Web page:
Copyright © 2001 - 2015  All Photos, text, materials on this site are copyrighted to Rocky Mountain Profiles for the exclusive use of Rocky Mountain Profiles and  Michael J. Sinnwell.  

Home About Us Contact Us Ghost town Books Links of interest
Ghost Towns by State Site Search Tales from the Past Guest Book

Lycan ( Buckeye) Colorado Townsite - Ghost town

Photos courtesy Mike Sinnwell December 2007

Little is know of this town. Only a couple buildings remain along with the usual assortment of machinery. Apparently the town got the name from the town's first school teacher and postmistress. Post Office long gone. Mail service now comes from Two Buttes. This town is "New Lycan" as the original town of Lycan was located about seven miles north west of this location.

Here is a picture of the old school house at old Lycan THANKS to http://www.coloradopast.com


 




A viewer writes November 24th 2009 -  I have enclosed a picture of the site of mom's last place in far western Kansas, west of Manter, about a 1/2 mile from the Colorado line.  That place is still called "The Carter Section" (acc. to the man who still farms it) named after my grandpa and grandma (Ike and Lilly Carter), mom's parents. Also two stories below.



FIRST STORY

"Ice Cream Social."  As told by Maxine Carter Montgomery, to her son Michael Carter McKenzie.

To celebrate the end of wheat harvest (and this took place in the early 1930s), my dad (Ike Carter) would drive his Model T up the road a couple miles west to Buckeye, Colorado (this place is now called Lycan) to get huge blocks of ice to make ice cream.  This social was a big deal, with neighbors and farmhands all invited, with women bringing in their own pies and cakes; and my mother (Lillie Carter) would make her famous angel food cake.  Occasionally she would make the cake a bit fancier, with streaks of chocolate or other food coloring, but folks loved the social atmosphere.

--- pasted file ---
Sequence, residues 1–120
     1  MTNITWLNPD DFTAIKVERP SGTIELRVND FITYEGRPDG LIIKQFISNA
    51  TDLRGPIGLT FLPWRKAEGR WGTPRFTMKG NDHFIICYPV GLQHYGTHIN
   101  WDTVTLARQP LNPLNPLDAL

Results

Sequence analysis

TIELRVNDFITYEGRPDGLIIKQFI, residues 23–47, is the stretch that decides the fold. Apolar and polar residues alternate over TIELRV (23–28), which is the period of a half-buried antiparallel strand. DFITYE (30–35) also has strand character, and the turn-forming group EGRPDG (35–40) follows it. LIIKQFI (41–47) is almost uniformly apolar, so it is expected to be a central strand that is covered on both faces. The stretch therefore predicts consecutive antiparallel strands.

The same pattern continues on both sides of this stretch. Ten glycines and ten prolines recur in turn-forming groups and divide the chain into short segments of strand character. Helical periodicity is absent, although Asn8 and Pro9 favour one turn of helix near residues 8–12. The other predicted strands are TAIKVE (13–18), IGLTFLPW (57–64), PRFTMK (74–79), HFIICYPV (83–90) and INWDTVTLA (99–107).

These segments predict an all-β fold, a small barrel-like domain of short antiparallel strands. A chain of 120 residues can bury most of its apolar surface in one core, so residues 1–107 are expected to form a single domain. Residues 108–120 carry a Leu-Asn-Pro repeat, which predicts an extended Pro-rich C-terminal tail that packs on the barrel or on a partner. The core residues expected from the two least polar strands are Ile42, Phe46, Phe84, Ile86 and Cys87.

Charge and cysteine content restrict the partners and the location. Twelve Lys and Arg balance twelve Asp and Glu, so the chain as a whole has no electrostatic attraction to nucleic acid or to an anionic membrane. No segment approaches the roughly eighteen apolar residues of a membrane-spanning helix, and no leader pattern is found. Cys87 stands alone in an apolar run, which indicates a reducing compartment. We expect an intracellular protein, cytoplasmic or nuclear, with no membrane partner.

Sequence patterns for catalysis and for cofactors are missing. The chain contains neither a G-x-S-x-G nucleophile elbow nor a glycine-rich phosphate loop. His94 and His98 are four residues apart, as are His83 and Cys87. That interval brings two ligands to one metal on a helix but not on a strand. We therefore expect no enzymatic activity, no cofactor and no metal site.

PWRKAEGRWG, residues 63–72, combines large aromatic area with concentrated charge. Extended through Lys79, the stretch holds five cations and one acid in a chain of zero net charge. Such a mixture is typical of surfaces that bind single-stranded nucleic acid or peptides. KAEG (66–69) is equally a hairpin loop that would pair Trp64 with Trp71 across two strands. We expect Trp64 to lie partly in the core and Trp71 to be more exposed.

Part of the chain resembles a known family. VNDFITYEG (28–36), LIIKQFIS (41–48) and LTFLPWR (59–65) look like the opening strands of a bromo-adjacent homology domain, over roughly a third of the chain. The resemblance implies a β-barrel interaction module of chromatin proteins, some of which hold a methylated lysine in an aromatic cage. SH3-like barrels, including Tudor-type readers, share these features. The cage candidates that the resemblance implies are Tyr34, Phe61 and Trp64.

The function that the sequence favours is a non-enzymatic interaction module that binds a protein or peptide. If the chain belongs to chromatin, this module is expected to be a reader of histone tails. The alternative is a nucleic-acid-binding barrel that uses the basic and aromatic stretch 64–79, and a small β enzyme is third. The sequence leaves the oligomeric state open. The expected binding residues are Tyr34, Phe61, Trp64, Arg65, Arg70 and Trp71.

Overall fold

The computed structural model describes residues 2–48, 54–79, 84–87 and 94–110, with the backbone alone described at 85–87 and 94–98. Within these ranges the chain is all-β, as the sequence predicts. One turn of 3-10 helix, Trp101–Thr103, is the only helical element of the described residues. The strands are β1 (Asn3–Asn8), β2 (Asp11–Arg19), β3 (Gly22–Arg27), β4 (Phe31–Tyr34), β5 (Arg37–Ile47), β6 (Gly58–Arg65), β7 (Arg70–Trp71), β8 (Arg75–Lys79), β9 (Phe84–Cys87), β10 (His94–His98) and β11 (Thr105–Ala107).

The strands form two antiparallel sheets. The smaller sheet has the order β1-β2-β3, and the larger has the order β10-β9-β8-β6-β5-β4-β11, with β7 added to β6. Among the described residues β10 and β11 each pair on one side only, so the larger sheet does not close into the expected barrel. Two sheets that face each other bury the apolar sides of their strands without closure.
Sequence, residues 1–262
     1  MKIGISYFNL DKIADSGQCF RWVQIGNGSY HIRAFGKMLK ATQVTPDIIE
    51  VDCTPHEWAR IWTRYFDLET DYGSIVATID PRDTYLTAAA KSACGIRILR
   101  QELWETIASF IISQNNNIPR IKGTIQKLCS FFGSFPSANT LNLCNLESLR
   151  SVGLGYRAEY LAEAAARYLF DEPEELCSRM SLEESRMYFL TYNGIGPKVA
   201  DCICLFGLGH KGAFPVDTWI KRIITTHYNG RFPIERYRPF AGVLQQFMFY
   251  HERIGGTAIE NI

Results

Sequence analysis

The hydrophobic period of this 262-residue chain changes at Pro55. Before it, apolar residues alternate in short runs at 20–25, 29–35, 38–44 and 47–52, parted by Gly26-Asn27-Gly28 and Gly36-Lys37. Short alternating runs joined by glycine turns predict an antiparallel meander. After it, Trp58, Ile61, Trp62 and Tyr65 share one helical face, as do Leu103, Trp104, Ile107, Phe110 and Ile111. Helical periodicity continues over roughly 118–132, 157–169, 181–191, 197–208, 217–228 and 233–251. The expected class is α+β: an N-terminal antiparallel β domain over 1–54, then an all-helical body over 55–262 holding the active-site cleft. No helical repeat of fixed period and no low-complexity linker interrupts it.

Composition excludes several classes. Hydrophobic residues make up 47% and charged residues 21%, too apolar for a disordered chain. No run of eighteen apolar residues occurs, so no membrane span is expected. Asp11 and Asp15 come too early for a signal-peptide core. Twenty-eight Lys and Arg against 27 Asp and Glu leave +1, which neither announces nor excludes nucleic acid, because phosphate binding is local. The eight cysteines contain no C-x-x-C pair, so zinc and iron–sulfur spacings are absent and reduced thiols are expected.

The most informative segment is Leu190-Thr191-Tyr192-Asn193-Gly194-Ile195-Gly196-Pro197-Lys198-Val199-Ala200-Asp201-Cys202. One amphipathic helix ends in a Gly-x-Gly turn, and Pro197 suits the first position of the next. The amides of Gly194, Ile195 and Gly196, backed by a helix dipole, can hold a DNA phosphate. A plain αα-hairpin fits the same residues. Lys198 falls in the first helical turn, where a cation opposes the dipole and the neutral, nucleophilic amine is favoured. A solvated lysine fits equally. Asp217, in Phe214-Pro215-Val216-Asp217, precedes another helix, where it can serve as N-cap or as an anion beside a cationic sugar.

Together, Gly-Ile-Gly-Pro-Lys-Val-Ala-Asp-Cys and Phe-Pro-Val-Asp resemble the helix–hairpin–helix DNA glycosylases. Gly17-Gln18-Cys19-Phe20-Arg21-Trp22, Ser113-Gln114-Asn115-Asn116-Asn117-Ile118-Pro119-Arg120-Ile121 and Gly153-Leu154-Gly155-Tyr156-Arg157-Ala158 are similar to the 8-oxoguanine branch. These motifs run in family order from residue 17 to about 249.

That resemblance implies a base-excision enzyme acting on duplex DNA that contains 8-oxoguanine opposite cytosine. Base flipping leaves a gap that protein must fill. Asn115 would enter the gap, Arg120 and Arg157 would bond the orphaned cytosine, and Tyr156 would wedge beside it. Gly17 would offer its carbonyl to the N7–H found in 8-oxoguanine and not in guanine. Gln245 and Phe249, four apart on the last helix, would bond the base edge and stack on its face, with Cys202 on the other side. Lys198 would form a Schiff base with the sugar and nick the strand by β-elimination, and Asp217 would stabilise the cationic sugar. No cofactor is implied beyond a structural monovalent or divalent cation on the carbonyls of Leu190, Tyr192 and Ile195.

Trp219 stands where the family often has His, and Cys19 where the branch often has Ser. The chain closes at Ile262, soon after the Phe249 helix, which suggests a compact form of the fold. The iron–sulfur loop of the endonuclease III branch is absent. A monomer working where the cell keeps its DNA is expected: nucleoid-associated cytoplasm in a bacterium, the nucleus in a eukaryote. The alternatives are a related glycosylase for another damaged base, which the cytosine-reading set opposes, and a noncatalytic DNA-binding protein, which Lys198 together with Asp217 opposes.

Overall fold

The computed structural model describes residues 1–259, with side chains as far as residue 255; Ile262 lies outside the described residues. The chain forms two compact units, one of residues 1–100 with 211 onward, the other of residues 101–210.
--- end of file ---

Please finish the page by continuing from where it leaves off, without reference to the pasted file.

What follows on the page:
He would bring the ice home wrapped in blankets and tarps and quickly take it down to our cellar, to try and keep it as cool as possible for as long as possible. Then, using a chisel and a sledge, he would break off large chunks, then wrap those chunks in burlap and break them up still further to fit around the freezer of the ice cream container--then folks would take turns cranking until the ice cream was ready.  What a treat!

I also remember going with dad to Buckeye on those trips, and the store owner would give my sister (Iradell) and me free "penny-suckers," which was a real treat since we didn't often get store candy.


SECOND STORY

"Herding Cattle," as told my Maxine Carter Montgomery to her son, Michael Carter McKenzie.

In the 1930s we would frequently run some cattle in the eastern foothills of the Rocky Mountains, to take advantage of better summer pasture.  This was south and west of Buckeye.  When the season was over, the cattle would be brought down into small canyons or draws in eastern Colorado, to await the Kansas Brand Inspector.  My job was to ride herd on them, to make sure none got away.

I was pretty good on a horse, and dad would tell me to watch out for snakes, as they might cause the horse to buck and throw me, but I always stayed on!  I liked doing that, and felt as though I was being "responsible" in a grown-up way.